The Invisible Man: A Grotesque Romance Questions and Answers
by H. G. Wells

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Discuss the argumentation in The Invisible Man by H. G. Wells.

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A discussion of the argumentation in Wells's The Invisible Man isn't an east one to have. Critics have puzzled over the success and meaning of the novel. One critic holds that the argument of the novel is that modern humanity was, in Wells's time, so beset with startling science and technology that the experience of being alive had become unnatural and untenable; it had become like trying to sleep while possessing eyelids too thin to block out light, therefore it was like trying to sleep with eyes wide open.

Argentine author Jorge Luis Borges: "The harassed invisible man who has to sleep as though his eyes were wide open because his eyelids do not exclude light is our solitude and our terror."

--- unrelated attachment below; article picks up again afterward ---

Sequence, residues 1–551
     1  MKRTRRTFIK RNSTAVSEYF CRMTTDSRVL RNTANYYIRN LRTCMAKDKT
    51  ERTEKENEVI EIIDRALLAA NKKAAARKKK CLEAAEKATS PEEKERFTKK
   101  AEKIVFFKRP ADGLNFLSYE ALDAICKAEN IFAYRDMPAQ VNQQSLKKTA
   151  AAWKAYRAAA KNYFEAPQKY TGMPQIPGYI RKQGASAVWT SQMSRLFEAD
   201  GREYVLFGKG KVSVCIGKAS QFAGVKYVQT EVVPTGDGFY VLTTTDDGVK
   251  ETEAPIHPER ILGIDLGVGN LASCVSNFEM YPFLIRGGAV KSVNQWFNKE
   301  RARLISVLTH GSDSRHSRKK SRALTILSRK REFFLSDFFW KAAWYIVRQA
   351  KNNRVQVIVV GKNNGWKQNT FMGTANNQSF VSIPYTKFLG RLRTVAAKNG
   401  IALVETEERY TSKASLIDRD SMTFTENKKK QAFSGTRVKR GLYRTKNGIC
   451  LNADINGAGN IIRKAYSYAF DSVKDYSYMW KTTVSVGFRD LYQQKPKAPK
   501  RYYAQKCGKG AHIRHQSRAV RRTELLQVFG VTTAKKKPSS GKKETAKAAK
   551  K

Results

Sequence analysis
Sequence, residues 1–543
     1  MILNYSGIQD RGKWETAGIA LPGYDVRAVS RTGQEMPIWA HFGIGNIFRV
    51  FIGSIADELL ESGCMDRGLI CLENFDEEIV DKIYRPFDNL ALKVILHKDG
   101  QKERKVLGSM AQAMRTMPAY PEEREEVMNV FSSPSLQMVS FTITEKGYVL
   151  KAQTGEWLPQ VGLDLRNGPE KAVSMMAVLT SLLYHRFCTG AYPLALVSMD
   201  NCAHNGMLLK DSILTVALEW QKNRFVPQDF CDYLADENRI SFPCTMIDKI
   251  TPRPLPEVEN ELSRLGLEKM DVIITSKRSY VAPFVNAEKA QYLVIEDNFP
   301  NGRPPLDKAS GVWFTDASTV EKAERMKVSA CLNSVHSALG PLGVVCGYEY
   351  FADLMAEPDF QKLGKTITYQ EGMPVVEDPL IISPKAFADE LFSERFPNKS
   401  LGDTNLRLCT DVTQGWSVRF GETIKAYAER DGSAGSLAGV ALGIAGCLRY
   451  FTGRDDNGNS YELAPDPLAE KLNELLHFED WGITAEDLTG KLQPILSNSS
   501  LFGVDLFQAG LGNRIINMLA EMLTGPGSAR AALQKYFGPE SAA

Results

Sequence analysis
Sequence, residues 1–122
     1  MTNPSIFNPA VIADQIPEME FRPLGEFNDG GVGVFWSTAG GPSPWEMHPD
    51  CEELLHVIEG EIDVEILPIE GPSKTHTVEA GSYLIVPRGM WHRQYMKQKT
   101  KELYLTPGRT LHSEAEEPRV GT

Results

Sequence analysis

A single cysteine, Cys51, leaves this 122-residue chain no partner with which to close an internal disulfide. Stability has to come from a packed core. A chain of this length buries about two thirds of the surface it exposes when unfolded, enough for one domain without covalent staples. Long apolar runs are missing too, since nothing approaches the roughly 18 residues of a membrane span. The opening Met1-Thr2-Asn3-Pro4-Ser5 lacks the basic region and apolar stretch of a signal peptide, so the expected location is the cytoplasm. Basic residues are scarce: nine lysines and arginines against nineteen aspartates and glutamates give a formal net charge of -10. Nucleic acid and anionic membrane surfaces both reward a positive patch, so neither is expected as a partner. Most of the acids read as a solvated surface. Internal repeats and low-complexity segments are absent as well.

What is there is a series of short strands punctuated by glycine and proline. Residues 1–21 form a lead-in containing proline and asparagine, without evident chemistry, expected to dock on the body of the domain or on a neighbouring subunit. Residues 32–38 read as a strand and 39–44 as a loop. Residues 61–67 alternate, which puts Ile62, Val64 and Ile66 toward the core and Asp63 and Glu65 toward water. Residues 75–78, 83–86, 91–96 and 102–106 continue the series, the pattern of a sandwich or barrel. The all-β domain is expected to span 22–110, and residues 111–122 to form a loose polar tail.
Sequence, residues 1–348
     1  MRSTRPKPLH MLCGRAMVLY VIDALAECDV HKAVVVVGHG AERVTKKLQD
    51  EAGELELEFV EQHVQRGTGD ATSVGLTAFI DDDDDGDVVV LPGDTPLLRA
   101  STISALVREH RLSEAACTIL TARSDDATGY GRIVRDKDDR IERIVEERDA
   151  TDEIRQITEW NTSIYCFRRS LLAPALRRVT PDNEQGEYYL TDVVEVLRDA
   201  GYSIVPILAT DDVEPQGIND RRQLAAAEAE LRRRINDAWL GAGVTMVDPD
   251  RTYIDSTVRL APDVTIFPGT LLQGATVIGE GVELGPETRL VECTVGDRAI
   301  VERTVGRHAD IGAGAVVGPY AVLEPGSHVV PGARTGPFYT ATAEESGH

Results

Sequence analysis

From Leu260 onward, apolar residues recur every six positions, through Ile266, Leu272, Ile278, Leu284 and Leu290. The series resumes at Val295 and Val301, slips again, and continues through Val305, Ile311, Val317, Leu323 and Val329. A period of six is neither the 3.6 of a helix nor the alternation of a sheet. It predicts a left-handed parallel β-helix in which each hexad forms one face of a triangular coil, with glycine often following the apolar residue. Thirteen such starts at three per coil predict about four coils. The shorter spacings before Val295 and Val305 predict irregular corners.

Therefore it could be argued that the above metaphor describes Griffin's experience and that he was driven mad by the glaring light of the possibilities of science. In this understanding, the light Griffin studies in order to reduce its power, its refraction and reflection, symbolically represents the blinding light of science and its power.

A different point can be made that Wells is arguing against the possibility of rampant immorality the can potentially come out of science and technology (technology is science applied to social and commercial improvements). One illustration of this is the science that led to the technology of the atomic bomb that had social implications and prominence in World War II. The light of this science when applied to technology wiped out the light of a whole civilization just as the light Griffin studied wiped out his sanity and morality.

Griffin said: I mean it. A Reign of Terror. [The Invisible Man] must take some town like your Burdock and terrify and dominate it. He must issue his orders.

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